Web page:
This procedure is now iteratively repeated until the set contains no more combinable clusters. At that point, the algorithm goes into the assignment phase. In this phase, the algorithm first selects the cluster with the highest total traffic count, deletes it from the cluster set, and assigns it to the first bus. It then selects the highest-traffic remaining cluster in the set and locates the bus which has the most traffic with the now selected cluster. The algorithm then determines whether that cluster's traffic, if added to the traffic already on the located bus, would exceed the threshold T of FIG. 2. If the answer is no, the selected cluster is removed from the set and assigned to the located bus. If the answer is yes, the threshold evaluation is iteratively repeated using the available (i.e. still unexamined) bus which has the highest traffic with the selected cluster.
If addition of the selected cluster would exceed the threshold on all buses, it is deleted from the cluster set and assigned to the bus which has the least total traffic.
The assignment procedure is now repeated until all the clusters in the cluster set have been assigned, and the cluster set is empty. The matrix switching circuit then configures the matrix in accordance with the assignments, and resets the 15-minute trigger timer 56.
A special situation arises when a tie occurs, i.e. there is more than one cluster (in the clustering phase 52) or bus (in the assignment phase 54), during an iteration, that has the highest traffic with the selected cluster, or the lowest total traffic (for assignment purposes). Initially, whenever a tie in the traffic count occurs, the tied cluster or bus with the lowest position number in the cluster set or bus array is chosen. In the clustering phase 52, this causes no problem because in such a situation, TF in conditional branch 60 mathematically cannot be greater than ΣT, and the selected cluster remains uncombined in the cluster set.
In the assignment phase 54, conditional branch 62 bypasses the threshold evaluation of conditional branch 64 when there is a tie for the highest bus traffic with the selected cluster, and simply assigns the cluster to the bus with the lowest traffic.
In an optional modification of the switch 40, a separate high-capacity (e.g. 100 Mb/sec) dedicated bus 50 connected to a satellite uplink or the like may be incorporated into the switch 40. If that is the case, it is desirable to distribute traffic going to the uplink bus 50 as evenly as possible between the other buses so as to obtain maximum utilization of the uplink's high capacity. The bus 50 itself cannot be directly connected to any of the port segments; consequently, conditional branch 68 (FIG. 6b) is provided to sequentially distribute among the buses 48a through 48d those port segments whose major traffic is with the uplink bus 50, without significantly affecting the throughput efficiency maximizing routines of the algorithm of FIGS. 6a and 6b. The conditional branch 68 also has the effects of evenly distributing among the buses 48a through 48d those port segments which communicate only with bus 50 (and therefore have an equal traffic of zero with all the other four buses).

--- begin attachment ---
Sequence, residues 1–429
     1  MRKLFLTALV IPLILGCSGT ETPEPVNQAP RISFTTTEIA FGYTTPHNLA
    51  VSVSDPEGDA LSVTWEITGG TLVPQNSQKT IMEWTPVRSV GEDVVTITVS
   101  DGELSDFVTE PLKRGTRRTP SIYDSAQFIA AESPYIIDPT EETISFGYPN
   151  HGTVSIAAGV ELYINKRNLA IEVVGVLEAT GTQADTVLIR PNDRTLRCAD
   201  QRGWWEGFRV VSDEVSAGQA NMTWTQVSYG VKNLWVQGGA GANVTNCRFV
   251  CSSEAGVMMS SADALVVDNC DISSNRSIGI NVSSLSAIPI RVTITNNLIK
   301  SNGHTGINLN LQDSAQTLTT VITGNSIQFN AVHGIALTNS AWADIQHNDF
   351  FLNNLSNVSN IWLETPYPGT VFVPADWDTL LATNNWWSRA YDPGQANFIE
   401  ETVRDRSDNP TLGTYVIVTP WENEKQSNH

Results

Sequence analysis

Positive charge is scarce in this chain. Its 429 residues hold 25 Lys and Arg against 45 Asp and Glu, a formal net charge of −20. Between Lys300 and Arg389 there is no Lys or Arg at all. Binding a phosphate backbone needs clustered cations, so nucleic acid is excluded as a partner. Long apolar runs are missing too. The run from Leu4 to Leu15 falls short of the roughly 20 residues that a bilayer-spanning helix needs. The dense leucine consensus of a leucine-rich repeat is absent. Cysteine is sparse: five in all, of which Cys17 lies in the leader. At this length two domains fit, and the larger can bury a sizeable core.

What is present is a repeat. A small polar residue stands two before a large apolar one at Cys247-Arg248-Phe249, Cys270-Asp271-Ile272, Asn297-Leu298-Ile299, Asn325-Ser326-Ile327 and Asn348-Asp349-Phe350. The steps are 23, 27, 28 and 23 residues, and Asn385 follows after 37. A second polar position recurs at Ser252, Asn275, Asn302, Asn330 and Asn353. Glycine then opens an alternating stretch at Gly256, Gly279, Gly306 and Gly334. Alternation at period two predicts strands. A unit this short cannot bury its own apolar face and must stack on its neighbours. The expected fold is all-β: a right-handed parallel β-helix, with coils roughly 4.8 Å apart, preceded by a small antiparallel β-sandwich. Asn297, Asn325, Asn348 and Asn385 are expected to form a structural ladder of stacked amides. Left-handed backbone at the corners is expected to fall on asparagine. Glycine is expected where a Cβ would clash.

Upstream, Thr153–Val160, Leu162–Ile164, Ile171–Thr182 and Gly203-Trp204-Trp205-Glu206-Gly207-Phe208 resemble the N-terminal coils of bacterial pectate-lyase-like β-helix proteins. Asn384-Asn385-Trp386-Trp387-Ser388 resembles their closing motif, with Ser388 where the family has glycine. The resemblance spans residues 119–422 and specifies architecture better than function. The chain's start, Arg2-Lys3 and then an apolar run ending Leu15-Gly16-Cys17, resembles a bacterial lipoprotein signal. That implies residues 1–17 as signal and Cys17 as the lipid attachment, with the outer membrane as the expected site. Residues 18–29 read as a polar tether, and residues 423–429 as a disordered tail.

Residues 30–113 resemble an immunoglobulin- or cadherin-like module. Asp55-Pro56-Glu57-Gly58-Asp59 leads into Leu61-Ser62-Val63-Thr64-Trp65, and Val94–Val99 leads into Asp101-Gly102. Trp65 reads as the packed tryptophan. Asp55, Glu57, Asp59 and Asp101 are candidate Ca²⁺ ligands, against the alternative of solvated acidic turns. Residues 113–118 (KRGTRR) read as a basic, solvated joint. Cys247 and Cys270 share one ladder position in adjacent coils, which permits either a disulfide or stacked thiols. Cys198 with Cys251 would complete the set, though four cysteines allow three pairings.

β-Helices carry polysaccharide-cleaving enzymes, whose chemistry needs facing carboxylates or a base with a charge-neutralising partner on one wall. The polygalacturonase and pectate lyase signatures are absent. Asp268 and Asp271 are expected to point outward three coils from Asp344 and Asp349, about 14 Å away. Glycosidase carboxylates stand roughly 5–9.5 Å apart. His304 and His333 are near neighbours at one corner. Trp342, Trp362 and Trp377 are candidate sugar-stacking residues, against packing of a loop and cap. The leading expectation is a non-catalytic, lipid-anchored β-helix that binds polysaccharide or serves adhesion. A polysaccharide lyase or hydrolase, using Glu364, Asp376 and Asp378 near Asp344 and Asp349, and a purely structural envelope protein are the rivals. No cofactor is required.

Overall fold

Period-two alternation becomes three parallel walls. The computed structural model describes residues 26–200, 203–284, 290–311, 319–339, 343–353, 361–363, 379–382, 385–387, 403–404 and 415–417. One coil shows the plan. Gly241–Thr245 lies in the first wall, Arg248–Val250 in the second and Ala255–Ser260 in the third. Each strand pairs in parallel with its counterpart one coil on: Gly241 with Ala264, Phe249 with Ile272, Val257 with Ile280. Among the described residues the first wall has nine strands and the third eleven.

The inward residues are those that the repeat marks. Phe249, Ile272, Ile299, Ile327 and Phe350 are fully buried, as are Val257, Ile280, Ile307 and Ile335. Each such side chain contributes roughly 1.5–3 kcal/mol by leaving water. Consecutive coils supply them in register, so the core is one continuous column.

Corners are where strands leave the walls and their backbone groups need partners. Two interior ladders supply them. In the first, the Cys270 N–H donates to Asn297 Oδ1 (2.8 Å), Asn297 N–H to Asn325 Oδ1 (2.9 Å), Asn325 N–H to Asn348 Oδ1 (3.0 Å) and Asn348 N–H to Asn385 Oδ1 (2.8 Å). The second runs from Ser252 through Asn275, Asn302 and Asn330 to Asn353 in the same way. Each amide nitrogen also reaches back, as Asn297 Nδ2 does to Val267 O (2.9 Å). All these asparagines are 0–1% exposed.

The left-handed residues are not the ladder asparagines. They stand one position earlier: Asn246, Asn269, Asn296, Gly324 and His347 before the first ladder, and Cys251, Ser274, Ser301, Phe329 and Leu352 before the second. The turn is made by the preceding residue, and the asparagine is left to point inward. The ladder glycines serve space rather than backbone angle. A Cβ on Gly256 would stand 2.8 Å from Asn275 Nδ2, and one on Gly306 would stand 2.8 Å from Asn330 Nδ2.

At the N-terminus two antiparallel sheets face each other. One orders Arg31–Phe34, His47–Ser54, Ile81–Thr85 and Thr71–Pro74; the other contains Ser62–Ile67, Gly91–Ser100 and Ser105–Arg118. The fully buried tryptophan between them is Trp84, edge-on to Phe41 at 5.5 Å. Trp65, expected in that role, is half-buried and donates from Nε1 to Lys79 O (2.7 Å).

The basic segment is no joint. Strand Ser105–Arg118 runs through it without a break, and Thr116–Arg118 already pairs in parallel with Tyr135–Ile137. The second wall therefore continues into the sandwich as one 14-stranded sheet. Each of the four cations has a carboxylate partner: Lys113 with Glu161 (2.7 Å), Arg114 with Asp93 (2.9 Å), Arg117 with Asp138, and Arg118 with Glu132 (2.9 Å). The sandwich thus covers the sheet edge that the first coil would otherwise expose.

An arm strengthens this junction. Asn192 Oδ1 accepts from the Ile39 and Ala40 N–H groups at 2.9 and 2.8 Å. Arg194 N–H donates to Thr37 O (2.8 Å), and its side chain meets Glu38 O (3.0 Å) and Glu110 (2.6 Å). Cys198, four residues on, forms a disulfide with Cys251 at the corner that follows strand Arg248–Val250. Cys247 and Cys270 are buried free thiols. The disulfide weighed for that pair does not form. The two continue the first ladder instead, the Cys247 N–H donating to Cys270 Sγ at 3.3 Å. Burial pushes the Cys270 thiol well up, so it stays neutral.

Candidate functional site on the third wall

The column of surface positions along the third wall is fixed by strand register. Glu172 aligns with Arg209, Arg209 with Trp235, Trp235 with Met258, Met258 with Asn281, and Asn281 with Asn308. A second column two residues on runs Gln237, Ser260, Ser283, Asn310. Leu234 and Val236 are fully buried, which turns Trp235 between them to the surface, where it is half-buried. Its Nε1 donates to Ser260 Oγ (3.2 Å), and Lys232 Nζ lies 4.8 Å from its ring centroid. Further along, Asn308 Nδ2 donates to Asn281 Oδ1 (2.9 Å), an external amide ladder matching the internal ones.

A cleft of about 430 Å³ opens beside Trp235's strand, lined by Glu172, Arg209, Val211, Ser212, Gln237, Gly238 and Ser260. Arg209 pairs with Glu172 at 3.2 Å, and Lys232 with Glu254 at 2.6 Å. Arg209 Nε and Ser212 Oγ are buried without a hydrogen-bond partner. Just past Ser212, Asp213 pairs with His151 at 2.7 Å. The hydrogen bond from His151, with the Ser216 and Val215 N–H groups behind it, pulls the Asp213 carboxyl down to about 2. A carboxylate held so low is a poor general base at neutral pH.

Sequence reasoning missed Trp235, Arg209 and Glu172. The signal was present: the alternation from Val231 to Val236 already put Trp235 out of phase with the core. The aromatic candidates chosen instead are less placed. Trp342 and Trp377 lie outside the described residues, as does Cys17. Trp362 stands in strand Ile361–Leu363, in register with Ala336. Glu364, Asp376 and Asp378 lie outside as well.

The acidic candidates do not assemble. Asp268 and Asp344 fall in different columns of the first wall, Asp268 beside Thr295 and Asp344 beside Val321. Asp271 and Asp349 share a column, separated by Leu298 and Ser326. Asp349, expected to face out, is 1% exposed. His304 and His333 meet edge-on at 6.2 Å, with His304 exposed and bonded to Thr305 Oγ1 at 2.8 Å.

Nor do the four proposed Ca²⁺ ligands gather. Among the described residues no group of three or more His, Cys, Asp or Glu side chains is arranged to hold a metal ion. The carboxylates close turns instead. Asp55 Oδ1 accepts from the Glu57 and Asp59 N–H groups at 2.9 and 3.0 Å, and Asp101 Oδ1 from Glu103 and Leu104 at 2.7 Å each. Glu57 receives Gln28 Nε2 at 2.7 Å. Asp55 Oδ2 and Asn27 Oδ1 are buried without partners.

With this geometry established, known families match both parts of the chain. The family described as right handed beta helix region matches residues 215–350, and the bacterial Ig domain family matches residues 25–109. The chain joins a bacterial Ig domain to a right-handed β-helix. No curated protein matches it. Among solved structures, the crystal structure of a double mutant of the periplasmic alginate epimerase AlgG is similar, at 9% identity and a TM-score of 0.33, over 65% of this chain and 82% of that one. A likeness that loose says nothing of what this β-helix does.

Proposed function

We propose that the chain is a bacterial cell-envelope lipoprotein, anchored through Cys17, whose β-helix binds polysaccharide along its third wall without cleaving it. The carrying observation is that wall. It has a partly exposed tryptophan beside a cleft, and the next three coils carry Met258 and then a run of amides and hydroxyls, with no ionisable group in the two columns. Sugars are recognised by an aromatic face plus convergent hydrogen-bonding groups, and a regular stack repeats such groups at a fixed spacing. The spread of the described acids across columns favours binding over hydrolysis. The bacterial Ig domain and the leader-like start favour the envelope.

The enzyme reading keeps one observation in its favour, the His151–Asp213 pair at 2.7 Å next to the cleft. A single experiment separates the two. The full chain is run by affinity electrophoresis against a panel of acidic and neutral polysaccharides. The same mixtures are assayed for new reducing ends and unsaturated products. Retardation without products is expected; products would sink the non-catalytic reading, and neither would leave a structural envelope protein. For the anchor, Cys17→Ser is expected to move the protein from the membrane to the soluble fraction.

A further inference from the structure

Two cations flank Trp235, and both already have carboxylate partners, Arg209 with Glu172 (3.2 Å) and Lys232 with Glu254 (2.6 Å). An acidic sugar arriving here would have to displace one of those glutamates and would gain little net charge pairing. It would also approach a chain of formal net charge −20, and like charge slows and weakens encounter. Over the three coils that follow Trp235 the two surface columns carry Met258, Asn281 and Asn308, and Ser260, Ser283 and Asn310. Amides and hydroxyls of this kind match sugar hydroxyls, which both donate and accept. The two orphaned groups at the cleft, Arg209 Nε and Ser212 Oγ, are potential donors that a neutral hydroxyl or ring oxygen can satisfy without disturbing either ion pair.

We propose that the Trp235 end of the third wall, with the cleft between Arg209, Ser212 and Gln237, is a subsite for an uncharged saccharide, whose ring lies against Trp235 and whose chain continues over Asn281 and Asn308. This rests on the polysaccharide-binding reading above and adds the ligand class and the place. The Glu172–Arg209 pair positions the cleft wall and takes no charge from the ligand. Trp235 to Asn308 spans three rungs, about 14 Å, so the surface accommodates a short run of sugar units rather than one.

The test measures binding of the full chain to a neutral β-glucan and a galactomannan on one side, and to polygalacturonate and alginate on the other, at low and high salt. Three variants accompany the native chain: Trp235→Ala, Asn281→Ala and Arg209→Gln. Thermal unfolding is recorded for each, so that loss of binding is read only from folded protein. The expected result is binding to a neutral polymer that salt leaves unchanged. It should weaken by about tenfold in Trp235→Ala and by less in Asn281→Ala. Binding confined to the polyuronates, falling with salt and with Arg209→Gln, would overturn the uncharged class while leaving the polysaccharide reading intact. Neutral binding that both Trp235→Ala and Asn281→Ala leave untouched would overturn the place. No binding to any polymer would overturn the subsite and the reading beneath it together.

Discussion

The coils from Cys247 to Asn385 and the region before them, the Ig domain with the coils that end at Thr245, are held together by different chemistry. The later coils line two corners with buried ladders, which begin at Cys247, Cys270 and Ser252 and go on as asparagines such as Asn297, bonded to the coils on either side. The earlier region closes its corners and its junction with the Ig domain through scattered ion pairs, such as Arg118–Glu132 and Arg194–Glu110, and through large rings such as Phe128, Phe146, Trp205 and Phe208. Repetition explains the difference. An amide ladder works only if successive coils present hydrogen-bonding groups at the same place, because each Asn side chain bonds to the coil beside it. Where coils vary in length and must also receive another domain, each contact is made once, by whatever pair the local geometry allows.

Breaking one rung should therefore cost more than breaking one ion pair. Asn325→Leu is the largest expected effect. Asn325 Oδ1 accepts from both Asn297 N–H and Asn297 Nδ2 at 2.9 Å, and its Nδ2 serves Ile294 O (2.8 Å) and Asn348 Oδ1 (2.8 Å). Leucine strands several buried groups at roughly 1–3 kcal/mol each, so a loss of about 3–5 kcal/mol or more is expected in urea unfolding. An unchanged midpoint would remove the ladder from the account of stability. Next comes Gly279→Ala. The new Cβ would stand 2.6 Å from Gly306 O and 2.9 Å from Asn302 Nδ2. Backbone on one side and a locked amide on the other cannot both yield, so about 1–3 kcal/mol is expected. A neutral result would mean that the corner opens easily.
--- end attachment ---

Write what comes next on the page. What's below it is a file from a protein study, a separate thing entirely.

It will be seen from the foregoing that a network using the self-programming switch of this invention will continually adjust its configuration throughout the day to achieve the maximum overall data throughput in limited-budget networks under greatly varying network conditions.
It is understood that the exemplary computer network switch described herein and shown in the drawings represents only a presently preferred embodiment of the invention. Indeed, various modifications and additions may be made to such embodiment without departing from the spirit and scope of the invention. Thus, other modifications and additions may be obvious to those skilled in the art and may be implemented to adapt the present invention for use in a variety of different applications.
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|U.S. Classification||709/221, 370/232|
|International Classification||H04L12/26, H04L12/56|
|Cooperative Classification||H04L49/101, H04L43/0888, H04L49/351, H04L49/102, H04L43/16|
|European Classification||H04L43/16, H04L43/08G2|
|Jun 18, 1997||AS||Assignment|
Owner name: COMPEX, INC., CALIFORNIA
Free format text: ASSIGNMENT OF ASSIGNORS INTEREST;ASSIGNORS:CORLETT, ANDREW;KIT, LEUNG HON;OR, YAN;AND OTHERS;REEL/FRAME:008569/0429;SIGNING DATES FROM 19960427 TO 19970416
|Feb 5, 2003||REMI||Maintenance fee reminder mailed|
|Jul 10, 2003||FPAY||Fee payment|
Year of fee payment: 4
|Jul 10, 2003||SULP||Surcharge for late payment|
|Feb 7, 2007||REMI||Maintenance fee reminder mailed|
|Jul 20, 2007||LAPS||Lapse for failure to pay maintenance fees|
|Sep 11, 2007||FP||Expired due to failure to pay maintenance fee|
Effective date: 20070720